Every year the Daft Punk rumors fly: “I read on a blog they’re playing at Coachella!” “No, dude, they’re gonna play Electric Daisy Carnival.” “You’re both wrong; Daft Punk is playing at my house.”
Now that a forthcoming album has been confirmed via Columbia Records, it’s a hot topic of discussion among electronic-music fans whether they’ll even tour in support of it. But if you’ve never seen the masked duo known for their elaborate stage shows, two Phoenix-based DJ/producers aim to fill the void for fans. Remaining as anonymous as their illusive idols, One More Time has been performing their tribute act for about three years. They’ll make their first Las Vegas stop on April 5 (First Friday) at LVCS Downtown.
Before starting the tribute act, what were your backgrounds in electronic music and DJing?
I was actually 19 years old, working at a college radio station with a lot of indie rock. I remember they gave me an album to review, which was Daft Punk’s Discovery. When I listened to that album, that really kick-started me into electronic music and DJing. When I was around 22, I started DJing at my first club in Phoenix.
How many times have you seen Daft Punk live?
I have never seen Daft Punk live.
So you’ve only been able to study their show through videos?
Exactly. There was a fan community that I was frequenting—I made the set of helmets and around Halloween time we threw these things on, and it started taking off from there. People legitimately thought we were Daft Punk.
What prompted you to start a full-on tribute act and go out to entertain people?
Because I’ve never seen them live I’ve always thought that the show itself—from what I’d seen online—was just so awesome. A friend of ours was doing a tribute night in Tucson, and we thought, “Let’s put these helmets on and go check it out.” From there it just worked. Fans were taking pictures with us, and next thing you know, our friend that was doing the tribute night was pushing it out to San Diego, L.A. and so on.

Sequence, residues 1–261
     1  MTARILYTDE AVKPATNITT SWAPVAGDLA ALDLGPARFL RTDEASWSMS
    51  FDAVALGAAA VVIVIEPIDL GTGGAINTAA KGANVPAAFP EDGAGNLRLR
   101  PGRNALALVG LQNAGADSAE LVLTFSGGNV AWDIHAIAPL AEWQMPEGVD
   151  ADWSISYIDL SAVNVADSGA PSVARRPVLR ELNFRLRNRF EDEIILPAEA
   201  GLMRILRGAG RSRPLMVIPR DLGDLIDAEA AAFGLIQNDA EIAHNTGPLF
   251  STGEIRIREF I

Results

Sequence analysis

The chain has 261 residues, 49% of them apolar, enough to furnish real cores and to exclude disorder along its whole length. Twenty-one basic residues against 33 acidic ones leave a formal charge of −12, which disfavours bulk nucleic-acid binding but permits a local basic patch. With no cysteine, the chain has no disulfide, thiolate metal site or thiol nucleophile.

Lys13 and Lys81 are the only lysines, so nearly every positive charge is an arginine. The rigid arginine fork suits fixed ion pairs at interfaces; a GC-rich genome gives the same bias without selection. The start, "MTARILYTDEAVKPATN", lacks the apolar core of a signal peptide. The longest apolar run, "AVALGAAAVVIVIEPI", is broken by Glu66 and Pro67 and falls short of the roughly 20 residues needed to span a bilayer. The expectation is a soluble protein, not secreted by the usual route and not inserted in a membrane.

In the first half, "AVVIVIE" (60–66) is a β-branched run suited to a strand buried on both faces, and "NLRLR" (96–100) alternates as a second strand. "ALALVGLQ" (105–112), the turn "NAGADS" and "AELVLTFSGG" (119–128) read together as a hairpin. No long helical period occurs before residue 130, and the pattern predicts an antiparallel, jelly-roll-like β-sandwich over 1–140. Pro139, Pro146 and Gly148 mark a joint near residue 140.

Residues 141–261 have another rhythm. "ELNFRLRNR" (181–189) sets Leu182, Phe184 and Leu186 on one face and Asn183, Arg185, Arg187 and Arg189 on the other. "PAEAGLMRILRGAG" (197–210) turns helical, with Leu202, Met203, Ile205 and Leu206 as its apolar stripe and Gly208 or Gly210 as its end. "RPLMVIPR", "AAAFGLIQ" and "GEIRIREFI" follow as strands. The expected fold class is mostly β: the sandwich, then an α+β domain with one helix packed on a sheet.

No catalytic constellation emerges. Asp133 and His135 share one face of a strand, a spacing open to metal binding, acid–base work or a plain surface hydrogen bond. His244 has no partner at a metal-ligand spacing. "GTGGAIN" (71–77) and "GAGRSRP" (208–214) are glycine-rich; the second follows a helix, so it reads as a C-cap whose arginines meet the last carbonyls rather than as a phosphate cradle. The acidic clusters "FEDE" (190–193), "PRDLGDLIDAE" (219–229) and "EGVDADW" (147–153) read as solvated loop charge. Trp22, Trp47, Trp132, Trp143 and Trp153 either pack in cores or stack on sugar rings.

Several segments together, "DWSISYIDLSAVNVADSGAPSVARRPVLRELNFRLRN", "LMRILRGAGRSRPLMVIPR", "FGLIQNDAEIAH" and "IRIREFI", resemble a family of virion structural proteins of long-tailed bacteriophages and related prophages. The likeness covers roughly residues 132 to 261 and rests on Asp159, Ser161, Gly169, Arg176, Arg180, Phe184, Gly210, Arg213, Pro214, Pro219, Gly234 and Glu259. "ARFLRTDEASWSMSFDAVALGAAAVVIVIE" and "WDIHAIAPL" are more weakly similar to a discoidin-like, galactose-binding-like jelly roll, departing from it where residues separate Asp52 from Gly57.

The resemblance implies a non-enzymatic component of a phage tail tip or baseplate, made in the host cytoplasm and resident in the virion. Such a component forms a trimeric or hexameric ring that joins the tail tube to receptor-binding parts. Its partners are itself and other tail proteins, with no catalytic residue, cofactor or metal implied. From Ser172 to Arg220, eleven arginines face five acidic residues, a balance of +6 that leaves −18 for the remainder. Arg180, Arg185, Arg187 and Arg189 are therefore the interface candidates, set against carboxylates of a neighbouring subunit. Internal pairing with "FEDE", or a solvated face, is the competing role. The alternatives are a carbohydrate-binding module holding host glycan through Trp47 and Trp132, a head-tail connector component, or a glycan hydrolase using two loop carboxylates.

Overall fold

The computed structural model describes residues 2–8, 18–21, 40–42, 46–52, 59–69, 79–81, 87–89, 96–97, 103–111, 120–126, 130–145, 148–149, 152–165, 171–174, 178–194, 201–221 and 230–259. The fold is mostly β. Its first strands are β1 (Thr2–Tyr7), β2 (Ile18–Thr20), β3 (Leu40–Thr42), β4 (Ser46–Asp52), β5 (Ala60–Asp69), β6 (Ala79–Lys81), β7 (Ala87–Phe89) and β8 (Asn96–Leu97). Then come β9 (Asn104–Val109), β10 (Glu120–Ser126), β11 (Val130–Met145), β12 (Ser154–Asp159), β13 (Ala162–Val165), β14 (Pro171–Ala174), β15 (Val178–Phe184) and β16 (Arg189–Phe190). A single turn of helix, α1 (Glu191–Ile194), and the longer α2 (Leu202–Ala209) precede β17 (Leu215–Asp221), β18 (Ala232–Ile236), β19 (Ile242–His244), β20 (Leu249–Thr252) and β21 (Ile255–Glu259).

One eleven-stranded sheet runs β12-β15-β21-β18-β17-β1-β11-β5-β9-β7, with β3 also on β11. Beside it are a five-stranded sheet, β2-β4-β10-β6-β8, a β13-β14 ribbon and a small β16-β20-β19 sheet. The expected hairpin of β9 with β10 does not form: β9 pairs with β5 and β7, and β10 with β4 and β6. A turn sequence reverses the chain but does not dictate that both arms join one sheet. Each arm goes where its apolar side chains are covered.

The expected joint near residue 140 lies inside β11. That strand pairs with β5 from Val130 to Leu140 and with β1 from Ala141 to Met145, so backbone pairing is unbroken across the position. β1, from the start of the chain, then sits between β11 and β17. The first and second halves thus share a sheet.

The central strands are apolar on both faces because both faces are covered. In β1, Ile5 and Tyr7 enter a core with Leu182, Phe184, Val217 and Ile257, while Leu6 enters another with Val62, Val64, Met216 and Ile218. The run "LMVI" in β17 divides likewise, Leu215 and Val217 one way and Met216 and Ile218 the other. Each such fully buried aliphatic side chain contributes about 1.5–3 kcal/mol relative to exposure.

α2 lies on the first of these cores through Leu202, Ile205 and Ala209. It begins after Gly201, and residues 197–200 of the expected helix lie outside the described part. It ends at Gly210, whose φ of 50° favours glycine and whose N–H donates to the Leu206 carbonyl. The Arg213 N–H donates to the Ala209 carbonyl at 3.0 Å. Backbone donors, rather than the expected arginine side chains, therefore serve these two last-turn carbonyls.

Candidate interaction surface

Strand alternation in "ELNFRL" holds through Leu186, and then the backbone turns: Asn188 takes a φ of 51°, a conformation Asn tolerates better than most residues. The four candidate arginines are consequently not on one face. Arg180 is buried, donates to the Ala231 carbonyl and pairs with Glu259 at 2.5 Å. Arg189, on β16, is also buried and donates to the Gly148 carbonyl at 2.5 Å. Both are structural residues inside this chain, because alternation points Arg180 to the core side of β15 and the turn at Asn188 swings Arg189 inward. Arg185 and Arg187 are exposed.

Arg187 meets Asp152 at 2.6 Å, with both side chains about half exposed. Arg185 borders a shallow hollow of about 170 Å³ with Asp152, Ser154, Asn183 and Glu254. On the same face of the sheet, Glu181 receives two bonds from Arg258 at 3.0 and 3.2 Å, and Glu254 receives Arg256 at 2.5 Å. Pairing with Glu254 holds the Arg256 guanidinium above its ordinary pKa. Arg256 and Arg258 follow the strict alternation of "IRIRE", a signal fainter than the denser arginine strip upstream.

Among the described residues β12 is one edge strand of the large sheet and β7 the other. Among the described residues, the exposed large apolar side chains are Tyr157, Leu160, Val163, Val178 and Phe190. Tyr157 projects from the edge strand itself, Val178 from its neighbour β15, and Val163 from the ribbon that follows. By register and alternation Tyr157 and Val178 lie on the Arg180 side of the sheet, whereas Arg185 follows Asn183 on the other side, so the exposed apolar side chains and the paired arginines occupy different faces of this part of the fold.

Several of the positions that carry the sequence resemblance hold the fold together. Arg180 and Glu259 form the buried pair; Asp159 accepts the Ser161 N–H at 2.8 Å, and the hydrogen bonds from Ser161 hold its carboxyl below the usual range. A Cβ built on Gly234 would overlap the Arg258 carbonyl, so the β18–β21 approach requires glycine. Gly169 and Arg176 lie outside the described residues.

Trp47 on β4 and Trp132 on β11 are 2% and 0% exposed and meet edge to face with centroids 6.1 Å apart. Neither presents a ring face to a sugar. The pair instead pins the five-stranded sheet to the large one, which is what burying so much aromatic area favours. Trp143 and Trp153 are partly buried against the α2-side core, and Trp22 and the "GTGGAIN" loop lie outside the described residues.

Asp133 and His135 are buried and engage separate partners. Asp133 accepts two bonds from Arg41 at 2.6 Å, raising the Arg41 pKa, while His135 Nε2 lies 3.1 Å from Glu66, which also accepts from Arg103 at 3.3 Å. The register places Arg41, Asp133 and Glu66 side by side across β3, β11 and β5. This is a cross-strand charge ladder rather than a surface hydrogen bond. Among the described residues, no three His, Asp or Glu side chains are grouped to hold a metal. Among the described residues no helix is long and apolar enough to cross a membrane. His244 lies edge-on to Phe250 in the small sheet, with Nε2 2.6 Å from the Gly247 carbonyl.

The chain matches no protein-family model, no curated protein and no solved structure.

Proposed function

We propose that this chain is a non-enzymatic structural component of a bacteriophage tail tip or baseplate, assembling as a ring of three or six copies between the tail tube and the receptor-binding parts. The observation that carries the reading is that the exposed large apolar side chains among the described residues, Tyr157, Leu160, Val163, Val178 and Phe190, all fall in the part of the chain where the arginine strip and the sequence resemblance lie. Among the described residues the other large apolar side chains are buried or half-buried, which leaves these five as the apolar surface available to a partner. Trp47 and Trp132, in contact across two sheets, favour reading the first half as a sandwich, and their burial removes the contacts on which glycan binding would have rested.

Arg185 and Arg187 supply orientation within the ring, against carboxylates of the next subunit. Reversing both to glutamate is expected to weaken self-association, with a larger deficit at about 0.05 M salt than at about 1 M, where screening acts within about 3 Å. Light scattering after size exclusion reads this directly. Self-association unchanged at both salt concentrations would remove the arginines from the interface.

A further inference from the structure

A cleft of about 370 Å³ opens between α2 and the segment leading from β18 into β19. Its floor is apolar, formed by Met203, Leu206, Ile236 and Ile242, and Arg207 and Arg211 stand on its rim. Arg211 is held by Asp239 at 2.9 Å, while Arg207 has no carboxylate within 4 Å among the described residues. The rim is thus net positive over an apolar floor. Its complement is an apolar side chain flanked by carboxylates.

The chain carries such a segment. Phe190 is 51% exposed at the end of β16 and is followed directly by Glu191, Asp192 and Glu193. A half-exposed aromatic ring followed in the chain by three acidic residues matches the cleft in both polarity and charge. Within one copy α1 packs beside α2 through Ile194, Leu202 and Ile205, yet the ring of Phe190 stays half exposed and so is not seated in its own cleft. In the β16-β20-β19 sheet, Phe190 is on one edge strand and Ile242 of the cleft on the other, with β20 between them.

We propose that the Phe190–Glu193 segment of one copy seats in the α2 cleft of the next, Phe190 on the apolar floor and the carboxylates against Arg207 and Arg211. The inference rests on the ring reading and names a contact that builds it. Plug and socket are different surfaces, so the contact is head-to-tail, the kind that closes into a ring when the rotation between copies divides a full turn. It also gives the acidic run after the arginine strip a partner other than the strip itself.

What does your live show bring to the table?
A lot of lights and really loud, fast-paced music—we’re sort of a club-inspired version of Daft Punk. With the current music scene and the trends, we cater to that with the show and the music. It’s a lot of partying, I guess. [Laughs.]
Instead of just playing track after track of Daft Punk originals, you keep it current with new remixes, correct?
Correct. A lot of what you’re going to hear are mixes made by both the fan base and by us. We don’t just get up there and press “play.” There’s stuff that’s done live and everything. A lot of it is edits and mixes, but it’s all Daft Punk-based.
Would you consider paying homage to other electronic acts?
Currently we’re focused on doing just this one, but the idea moving forward is we might branch out and do our own original thing. Both myself and my partner are producers as well as DJs. We write our own music and we got our start from doing Daft Punk remixes and edits. That’s how we got involved in writing music and learning the software. We feel that as a tribute band, we’ve got limitations to what we can and can’t do. If we decide to branch out as our own artists with our own production and our own show, then it’s unlimited; we can do anything at that point.
You haven’t heard any feedback from Daft Punk, but what’s the fan reaction been like—good or bad?
It’s about half and half. There’s a fan base out there that likes what we do. We’re sort of giving them exactly what they want to see, which is the show. The actual band itself, when they go and do tours, it’s like less than 10 shows. And then you don’t see them for the next 10 years. What we do is fill that void. So people either like it or they hate it. There are the haters out there who troll us on our Facebook page with “What you guys are doing is fucked up, it sucks.” But everybody else is like, “The show is there to entertain and is a great homage, because they actually look like the band.”
Now that a new Daft Punk album is confirmed, what do you hope to hear from it, and do you think they’ll finally tour again?
I would really like to see them at some point. My partner has seen them once and was just blown away by the show. I can only imagine what it’s like to see this big production and electronic show for the first time. They started that whole movement. For them to come back into the game, I’m very curious how they’ll change everything again. For them to come back when there are artists like Deadmau5 and these huge production shows, what could they possibly do to change all that? My assumption is, well, the music. I was watching Saturday Night Live and there was less than a 10-second snippet of a taste of what their new album is about, and it was disco to the T. I was blown away. It’s sort of them going back to their roots. I can’t wait.